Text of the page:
maybe you could share with people how you came to start playing music and where that was where you grew up, and kind of your early life as a musician.
i was born and raised in wytheville virginia, which is a small town at the edge of the blue ridge mountains.
my father’s family had been there for
like way back many generations.
i also feel that i should say now that although my father’s family has been in with county since around the time of the revolutionary war, they were living on stolen land.
my mom’s family.
i think my great great grandmother’s generation on mum. in my mom’s family were the ones that moved to with full so i felt very rooted there. like my family was very rooted there. i knew all for my grandparents and a great grandmother growing up. wow. and yes, i was so fortunate. and my mom and dad don’t play music. but they love music. and my mom would always play women singer songwriters like natalie merchant in the car, and we would sing along and and then my dad loved hardcore
country, bluegrass, you know, like flatt and scruggs, and right doc watson and that sort of thing. and they just really loved music in a deep way, both of them and encouraged me and my brother to put music in our lives. you know, if we wanted music lessons, they would always support that, you know, and my grandma is a singer, and she plays clarinet and piano and sang in a quartet. i’ll woman quartet in her church, and she directed children’s choir and her church and you know, will always be part of any kind of music event music life at her church. and so i guess she was really the one that encouraged me the most to sing. you know, if the children’s choir was for people, she would push me to the front, you know, in this little methodist church, so singing was that your first? yes into music? yeah, i love to sing. and i always love to sing but i was real shy about it. still am in a lot of ways. and my my grandma was the one saying, you know you’ve ever pretty voice you should you should sing. and i still love to sing with my grandma. she’s my only living grandparents. oh, wow. yeah. and she is really, really special.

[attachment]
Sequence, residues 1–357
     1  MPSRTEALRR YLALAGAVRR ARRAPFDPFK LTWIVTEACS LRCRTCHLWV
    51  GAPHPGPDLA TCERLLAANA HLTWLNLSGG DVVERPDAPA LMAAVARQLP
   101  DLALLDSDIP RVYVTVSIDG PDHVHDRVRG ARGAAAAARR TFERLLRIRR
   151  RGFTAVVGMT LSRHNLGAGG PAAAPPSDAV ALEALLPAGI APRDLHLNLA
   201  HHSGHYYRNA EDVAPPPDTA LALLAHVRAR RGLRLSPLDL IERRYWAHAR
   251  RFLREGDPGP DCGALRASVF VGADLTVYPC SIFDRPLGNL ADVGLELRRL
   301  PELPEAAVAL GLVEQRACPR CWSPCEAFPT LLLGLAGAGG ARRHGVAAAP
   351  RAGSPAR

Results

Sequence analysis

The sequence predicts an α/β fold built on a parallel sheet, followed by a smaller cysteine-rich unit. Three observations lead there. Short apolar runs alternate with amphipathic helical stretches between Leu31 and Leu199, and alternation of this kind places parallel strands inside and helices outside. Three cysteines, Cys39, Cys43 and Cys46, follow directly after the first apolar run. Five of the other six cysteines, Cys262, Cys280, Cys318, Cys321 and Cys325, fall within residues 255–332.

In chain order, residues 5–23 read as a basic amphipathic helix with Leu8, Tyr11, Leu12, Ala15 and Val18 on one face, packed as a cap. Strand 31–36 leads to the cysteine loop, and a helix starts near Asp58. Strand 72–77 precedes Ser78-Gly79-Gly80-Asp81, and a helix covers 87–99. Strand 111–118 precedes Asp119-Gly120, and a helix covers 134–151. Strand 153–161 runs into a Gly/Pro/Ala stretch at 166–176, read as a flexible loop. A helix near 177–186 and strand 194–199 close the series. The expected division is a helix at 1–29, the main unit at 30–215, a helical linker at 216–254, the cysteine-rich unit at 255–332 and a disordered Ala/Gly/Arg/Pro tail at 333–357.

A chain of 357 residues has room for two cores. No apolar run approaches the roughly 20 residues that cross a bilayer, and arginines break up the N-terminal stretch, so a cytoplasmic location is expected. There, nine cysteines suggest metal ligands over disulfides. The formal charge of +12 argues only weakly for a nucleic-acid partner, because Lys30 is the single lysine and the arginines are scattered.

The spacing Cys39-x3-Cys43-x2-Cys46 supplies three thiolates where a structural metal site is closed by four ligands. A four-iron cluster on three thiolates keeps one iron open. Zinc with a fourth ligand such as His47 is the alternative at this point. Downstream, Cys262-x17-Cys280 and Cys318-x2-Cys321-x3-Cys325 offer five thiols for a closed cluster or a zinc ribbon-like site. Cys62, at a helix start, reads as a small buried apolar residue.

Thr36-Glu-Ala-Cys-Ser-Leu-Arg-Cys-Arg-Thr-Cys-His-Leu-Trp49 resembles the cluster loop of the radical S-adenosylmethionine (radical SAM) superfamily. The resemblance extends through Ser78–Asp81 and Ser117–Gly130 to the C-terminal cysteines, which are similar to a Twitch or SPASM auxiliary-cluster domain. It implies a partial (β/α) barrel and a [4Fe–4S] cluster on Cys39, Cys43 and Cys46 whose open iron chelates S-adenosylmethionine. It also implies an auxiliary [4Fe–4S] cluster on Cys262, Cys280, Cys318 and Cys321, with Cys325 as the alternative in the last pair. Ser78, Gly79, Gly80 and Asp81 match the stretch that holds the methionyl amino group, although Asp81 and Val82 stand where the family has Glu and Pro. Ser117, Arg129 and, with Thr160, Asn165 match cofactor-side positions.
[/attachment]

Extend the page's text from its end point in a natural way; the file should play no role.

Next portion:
to me and has been a very loving encouraging force. what’s the song that you guys sing together? in the garden? always? yes, yes. yeah, no, it’s the harmony on that is the prettiest and uncloudy day she lives on cloudy days. another great one. yes. and so as saying, and i was really fortunate to have piano lessons, when i was a kid that quit, because i got frustrated reading music, i really was just memorizing it. i wasn’t learning to read. i wasn’t practicing, really, because what i love to do was sit down at the piano and just make up melodies. and just saying, well, you know, i loved like, talking books and fantasy sort of, so i would just like make up words in different languages and be running around in the yard, making up these songs and singing to myself. i was just kind of wild, i can see i can see little sam running around singing all token and elf songs.
that was me. and then, when i was a teenager, i got interested in